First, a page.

All Inductees

William Henry "Bill" Hogg


On April 16, 1959, a college daydream of a young rodeo cowboy was fulfilled. The national anthem was played at the first of three debut performances at the Kowbell Indoor Rodeo Arena. Bill Hogg was born and reared in Mansfield, Texas. He graduated from Texas A&M in 1949. While at A&M, he was one of the organizers of the National Intercollegiate Rodeo Association. A calf roper and steer wrestler, Hogg won several buckles in collegiate rodeos and became the N.I.R.A. Bull Dogging Champion in 1949.

Following graduation, Hogg opened the Mansfield Commission Company. Ten years after graduation, his dream of becoming a rodeo producer became a reality by building the Kowbell in Mansfield. Immediately after marrying Jan Acola, one of Hogg’s friends tied a cowbell to their car. Hence, the name Kowbell Indoor Rodeo was born. The couple obtained a loan from the local bank to buy 13 acres next door to the Commission Company. This was to be the site of Kowbell, and construction began in 1958.

Besides the weekly Saturday night rodeos, the Hoggs hosted several clubs and organizations for their activities at the Kowbell Indoor Arena. These included college rodeos, horse shows, cuttings, and the National Cutting Horse Finals in 1959. The arena would seat 2500 people and had an open top with a giant canvas to pull across when weather threatened. The Hoggs both had children from previous marriages. Bill had Becky and Pat, Jan had Lana and Mark, then during the first full calendar year of the Kowbell being open, Bill and Jan had a son, William David, in October 1960.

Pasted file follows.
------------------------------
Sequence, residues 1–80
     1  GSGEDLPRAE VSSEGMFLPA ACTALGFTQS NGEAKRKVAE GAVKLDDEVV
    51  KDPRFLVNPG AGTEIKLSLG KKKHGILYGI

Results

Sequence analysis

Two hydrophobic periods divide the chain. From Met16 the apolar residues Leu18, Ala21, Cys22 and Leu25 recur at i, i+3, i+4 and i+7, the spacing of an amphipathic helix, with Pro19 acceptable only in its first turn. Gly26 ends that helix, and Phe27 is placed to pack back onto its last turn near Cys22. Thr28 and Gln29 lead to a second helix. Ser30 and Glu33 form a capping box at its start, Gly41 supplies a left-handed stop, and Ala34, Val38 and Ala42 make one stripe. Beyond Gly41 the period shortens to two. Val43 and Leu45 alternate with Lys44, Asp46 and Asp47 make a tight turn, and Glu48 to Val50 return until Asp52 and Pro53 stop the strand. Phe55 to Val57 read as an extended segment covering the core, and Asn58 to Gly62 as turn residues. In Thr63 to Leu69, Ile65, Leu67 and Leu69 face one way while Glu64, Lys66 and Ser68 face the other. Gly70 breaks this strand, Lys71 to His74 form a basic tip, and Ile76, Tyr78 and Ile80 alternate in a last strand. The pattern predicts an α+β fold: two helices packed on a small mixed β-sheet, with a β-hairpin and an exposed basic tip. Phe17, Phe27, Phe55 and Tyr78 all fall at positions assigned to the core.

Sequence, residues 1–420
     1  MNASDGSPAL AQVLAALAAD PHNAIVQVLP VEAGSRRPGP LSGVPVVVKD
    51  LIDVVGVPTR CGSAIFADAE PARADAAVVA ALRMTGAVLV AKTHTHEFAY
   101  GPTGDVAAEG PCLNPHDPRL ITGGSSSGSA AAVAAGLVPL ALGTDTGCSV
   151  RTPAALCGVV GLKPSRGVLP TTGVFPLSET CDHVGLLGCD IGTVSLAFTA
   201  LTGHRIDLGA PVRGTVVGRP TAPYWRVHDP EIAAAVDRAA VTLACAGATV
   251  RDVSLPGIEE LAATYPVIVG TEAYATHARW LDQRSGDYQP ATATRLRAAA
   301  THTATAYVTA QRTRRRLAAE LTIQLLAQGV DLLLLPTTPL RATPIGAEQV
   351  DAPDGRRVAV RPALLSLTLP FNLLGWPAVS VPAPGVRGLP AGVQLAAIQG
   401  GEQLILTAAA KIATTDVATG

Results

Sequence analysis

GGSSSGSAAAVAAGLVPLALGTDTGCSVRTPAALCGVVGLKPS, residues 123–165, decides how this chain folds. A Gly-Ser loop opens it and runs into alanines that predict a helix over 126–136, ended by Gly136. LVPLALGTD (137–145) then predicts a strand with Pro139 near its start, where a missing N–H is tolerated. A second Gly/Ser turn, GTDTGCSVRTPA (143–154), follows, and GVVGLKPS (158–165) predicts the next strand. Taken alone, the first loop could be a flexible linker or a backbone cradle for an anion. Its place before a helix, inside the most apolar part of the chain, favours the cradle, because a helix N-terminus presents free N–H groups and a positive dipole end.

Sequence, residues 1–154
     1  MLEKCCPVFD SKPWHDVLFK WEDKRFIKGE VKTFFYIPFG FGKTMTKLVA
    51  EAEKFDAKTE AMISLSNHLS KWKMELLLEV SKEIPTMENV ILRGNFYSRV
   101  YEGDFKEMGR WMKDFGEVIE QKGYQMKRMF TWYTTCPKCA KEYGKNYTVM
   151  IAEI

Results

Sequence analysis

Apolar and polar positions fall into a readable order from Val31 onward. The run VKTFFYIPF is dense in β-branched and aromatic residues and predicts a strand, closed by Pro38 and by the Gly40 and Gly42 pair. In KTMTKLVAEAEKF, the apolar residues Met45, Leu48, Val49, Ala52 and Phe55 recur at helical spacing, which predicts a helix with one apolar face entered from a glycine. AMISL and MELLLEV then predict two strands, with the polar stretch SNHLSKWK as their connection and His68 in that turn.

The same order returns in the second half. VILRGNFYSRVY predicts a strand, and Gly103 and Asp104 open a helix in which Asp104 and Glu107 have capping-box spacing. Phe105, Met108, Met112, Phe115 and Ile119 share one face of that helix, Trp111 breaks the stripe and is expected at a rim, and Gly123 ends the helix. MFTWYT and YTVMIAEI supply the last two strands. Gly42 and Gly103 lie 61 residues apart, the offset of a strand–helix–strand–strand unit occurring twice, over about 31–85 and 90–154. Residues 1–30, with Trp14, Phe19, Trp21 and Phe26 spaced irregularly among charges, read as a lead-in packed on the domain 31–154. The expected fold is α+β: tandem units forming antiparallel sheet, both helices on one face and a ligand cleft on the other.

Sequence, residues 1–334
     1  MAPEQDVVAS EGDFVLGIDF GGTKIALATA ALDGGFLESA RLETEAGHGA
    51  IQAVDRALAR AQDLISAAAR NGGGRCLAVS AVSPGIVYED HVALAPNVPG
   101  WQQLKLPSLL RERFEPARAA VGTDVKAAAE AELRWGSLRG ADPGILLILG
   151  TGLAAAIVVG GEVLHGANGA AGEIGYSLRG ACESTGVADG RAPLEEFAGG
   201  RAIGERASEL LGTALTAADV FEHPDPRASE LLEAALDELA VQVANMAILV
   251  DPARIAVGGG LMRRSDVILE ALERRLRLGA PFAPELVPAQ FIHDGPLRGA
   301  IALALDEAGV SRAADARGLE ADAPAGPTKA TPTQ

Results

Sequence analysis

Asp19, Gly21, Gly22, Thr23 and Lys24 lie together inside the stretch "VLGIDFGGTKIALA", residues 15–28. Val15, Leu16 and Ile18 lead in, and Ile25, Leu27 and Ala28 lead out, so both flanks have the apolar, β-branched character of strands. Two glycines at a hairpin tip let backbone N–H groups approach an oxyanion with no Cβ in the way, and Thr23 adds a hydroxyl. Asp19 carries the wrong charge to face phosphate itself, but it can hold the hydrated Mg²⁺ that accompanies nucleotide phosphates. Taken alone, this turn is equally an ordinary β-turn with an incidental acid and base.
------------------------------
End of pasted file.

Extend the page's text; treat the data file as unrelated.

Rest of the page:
The Kowbell was the site of the Presentation of Awards Rodeo for the Central Rodeo Association in 1959 and 1960. The CRA was a semi-pro organization, of which Bill Hogg was an approved rodeo producer, and served in that organization as vice president in 1957. Hogg produced many outstanding rodeos throughout Texas and in 1960 the biggest and most successful was held in conjunction with Fort Worth’s Pioneer Days Celebration, at Northside Coliseum in the Fort Worth Stockyards.

Each Saturday night, Hogg produced a four-event rodeo that included bareback riding, calf roping, steer wrestling, and bull riding. A ladies’ barrel race open to members of the Texas Barrel Racing Association was also held. Other events from time to time included wild cow milking, cutting horse contests, and calf scrambles. Hogg also steer wrestled and hazed for many of the steer wrestlers himself because he was so trusted. He made sure every cowboy got a fair ride and chance to win. Tragedy struck in September of 1961 when Hogg died from spinal meningitis, but the Kowbell Indoor Rodeo lived on to spawn many a cowboy and cowgirl’s rodeo career.

The Kowbell Indoor Rodeo was Bill Hogg’s “baby” – he dreamed, designed, and watched it develop from infancy to one of the finest rodeo facilities in the United States. The Kowbell Rodeo was a huge success drawing standing room only crowds. Come Saturday night, rain or shine, the chute gate would open at the Kowbell Rodeo arena and you would hear those familiar words “Let’s rodeo!”